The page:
NCCN Guidelines for Patients
: Caring for Adolescents and Young Adults
Part 4: Navigating the treatment process
Like consolidation therapy, maintenance therapy is given
after successful primary treatment to keep the cancer from
coming back. Unlike consolidation therapy, maintenance
therapy can be taken for years and typically uses relatively
low doses of targeted therapy, chemotherapy, or immune
therapy. For example, if you have been treated for breast
cancer, your doctor may recommend maintenance therapy
with a drug that interferes with estrogen—a hormone that
some forms of breast cancer need to survive.
Second-line therapy (and beyond)
If cancer does not respond to initial therapy—or reappears
after a period of remission—it’s time for second-line
therapy. Some people may have many remissions and
recurrences, and require third, fourth, or even more lines
of therapy. Treatment options in these situations may
include another round of the therapy used initially, surgery,
radiation therapy, immune therapy, targeted therapy,
chemotherapy, or a combination of all the above.
If there are no evidence-based recommendations for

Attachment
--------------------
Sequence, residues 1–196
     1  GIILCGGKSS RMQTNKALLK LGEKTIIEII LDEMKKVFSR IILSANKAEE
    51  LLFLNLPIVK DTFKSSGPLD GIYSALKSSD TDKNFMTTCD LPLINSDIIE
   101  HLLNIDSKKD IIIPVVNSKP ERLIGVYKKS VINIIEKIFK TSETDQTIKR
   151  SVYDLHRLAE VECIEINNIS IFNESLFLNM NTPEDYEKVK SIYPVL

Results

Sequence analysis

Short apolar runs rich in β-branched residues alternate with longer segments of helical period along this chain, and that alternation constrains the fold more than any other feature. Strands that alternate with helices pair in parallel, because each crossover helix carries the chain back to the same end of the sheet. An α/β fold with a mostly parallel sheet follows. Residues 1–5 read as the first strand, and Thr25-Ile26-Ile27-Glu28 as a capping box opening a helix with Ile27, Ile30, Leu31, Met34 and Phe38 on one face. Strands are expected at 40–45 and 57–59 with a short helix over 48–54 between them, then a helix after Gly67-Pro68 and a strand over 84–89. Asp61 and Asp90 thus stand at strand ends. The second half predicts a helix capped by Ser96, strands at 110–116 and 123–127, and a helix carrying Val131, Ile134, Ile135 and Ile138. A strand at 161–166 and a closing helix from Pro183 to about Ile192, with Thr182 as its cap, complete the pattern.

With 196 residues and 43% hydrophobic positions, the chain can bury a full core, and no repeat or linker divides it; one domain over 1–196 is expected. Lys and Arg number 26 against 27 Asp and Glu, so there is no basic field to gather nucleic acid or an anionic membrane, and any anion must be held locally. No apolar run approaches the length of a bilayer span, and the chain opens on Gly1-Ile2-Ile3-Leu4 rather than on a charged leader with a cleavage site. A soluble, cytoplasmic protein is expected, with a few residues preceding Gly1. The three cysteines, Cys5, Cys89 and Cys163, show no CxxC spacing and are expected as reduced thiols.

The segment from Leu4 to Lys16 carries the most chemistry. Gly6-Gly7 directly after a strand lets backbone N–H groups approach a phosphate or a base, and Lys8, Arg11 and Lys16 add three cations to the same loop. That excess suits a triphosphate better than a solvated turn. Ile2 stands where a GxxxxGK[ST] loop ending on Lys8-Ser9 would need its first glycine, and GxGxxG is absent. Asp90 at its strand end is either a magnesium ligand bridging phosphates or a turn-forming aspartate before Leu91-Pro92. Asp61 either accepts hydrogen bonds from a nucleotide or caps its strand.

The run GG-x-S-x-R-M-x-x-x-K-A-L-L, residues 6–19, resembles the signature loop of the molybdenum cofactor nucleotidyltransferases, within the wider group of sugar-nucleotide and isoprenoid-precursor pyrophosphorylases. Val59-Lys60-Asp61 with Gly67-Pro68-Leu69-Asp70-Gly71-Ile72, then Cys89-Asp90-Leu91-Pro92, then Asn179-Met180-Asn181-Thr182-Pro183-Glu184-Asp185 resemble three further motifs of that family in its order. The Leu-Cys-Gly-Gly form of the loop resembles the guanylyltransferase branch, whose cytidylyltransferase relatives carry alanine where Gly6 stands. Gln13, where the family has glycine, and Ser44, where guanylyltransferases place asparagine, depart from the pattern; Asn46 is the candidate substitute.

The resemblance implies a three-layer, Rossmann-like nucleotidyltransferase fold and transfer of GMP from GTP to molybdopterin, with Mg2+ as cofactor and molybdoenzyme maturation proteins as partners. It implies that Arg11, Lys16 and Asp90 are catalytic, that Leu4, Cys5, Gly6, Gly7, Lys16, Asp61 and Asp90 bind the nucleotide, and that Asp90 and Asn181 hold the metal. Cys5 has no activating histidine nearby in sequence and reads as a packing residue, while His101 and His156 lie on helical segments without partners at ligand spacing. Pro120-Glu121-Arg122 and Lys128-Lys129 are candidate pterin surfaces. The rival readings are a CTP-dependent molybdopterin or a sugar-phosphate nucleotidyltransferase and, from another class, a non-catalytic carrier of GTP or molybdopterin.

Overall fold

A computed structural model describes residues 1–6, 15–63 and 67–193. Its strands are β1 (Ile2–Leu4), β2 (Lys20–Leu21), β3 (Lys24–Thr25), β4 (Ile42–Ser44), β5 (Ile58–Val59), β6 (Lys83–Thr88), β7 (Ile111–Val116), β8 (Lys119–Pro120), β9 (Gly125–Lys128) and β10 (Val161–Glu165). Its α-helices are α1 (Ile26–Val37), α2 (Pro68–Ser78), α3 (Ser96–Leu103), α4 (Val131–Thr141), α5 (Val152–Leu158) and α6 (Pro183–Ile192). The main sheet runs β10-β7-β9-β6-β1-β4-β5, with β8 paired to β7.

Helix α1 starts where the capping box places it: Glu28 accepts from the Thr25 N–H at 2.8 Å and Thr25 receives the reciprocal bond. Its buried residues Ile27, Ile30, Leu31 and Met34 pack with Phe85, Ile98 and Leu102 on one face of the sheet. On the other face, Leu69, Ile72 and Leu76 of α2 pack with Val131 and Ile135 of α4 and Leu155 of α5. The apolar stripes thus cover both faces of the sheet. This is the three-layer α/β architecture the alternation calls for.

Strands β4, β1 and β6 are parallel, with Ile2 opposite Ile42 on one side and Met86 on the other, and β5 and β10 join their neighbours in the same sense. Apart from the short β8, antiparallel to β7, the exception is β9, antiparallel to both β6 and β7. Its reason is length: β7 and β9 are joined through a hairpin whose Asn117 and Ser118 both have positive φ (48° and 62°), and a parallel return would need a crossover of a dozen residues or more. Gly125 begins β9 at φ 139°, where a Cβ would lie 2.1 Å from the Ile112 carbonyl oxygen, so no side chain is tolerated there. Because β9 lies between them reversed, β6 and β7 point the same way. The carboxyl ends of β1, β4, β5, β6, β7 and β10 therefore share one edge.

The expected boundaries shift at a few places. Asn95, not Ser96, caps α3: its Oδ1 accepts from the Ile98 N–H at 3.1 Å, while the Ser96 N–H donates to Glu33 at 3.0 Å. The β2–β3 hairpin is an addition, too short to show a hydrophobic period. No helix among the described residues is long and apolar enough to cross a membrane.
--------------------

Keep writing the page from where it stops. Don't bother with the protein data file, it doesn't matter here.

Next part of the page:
second-line (or later) treatment for the cancer you have,
you may be enrolled in a clinical trial of an experimental
When treatment results in remission (or no evidence
of disease) you’re on your way from cancer patient to
cancer survivor. Life as a cancer survivor will not be quite
the same as life before your diagnosis. Cancer and its
treatment can’t help but leave their mark—on your body,
on your emotions, and on your mind. Dealing with these
effects can be a challenge for even the most hardy of
According to recommendations from the Institute of
Medicine, every cancer patient should have a survivorship
care plan that includes guidelines for monitoring and
maintaining health in the months and years post-treatment.
Moving Beyond Treatment
, will include detailed
information on survivorship issues, including how to
ensure you have the information and support you
need to make the transition to the brave new world
of cancer survivorship.
You may hear these words as you go through
treatment. All of them mean that the cancer is
growing in some way. Recurrence or relapse refers
to cancer that shows up after the cancer has been
in remission for a while (usually a year or more).
Progression is when the cancer spreads or gets
worse with no period of remission in between.
Recurrence (or relapse) vs. progression